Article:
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National Historic Landmark OLD MISSION DAM (PADRE DAM)

Location: San Diego County, in Mission Gorge, just north of U.S. 80, 13 miles northeast of Old Town, San Diego.

Ownership and Administration. City of San Diego.

Significance. Old Mission Dam, whose associated aqueduct and flume extended about 5 miles to the Mission of San Diego de Alcalá, was one of the first major irrigation engineering projects on the Pacific coast of the United States. It impounded water from the San Diego River, and for much of the year provided an assured supply, which was released as needed for agricultural and domestic purposes.

San Diego de Alcalá Mission, founded by Father Junípero Serra July 16, 1769, on Presidio Hill, was the first of the 21 California missions. In 1774, Serra moved the mission 6 miles to its present location, both to free his Indian neophytes from the adverse influences of the presidial garrison and to obtain a location affording more water. Despite a native rebellion in 1775, the mission became one of the wealthiest and most populous in California.

New structures were erected during the period 1776-80, and by 1800 more than 1,500 Indian neophytes were attached to the mission. Earthquake damage in 1803 led to further rebuilding and enlargement. By 1813, the mission had assumed its present form. In 1824, the maximum population of 1,829 Indians was attained, but in 1835 they dispersed when the Mexican Government secularized the mission, after which the buildings were neglected and deteriorated rapidly.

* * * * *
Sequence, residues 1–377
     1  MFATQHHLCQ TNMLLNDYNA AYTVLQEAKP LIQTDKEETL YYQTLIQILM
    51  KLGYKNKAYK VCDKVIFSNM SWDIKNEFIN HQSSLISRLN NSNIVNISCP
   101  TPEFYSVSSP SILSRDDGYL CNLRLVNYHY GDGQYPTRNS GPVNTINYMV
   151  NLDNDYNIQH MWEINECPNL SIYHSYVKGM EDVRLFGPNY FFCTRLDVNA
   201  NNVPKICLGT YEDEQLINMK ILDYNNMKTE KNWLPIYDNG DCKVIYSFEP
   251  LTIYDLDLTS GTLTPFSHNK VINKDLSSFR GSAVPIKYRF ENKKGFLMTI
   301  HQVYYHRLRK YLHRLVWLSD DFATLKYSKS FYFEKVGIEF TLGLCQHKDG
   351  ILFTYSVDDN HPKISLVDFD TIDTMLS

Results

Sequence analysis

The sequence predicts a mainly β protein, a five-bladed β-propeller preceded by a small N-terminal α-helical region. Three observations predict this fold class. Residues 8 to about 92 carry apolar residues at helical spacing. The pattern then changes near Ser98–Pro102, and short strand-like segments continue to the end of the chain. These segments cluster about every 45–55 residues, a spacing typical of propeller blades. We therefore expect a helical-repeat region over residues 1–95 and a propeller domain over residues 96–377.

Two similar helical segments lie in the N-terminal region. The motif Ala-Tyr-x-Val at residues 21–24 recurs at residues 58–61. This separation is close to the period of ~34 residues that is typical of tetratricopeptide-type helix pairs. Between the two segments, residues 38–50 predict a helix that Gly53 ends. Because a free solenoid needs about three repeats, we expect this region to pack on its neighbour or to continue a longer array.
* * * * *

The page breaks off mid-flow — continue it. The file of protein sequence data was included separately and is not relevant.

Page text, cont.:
Old Mission Dam
Old Mission Dam, a major irrigation project of the early 19th century, supplied water to the Mission of San Diego de Alcalá. A flume carried water about 5 miles from the dam to the mission grounds.

The precise dates of construction of Old Mission Dam, as well as the aqueduct and flume, cannot be ascertained. Not likely begun before 1800, the dam was probably started in 1803, following a 2-year drought. By 1817, it had certainly assumed its final form. Of solid masonry, it was about 220 feet wide, 13 feet thick at the bottom, and 12 feet or more high. Native stone and locally produced cement were used to construct the dam, aqueduct, and flume. The flume, 2 feet wide and 1 foot deep, conducted water to the mission gardens and vineyards some 5 miles distant.

Present Appearance. By 1867, the dam and the aqueduct-flume system were reportedly in ruins. About 7 years later, they were repaired and again put to use. The remains of the dam, still impressive today, impound a small amount of water. The dam will be included in San Diego's proposed Fortuna Mountain-Mission Gorge Metropolitan Park. No substantial remains of the aqueduct or flume are visible. San Diego Mission has been largely reconstructed since 1931. [7]

NHL Designation: 05/21/63

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Last Updated: 22-Mar-2005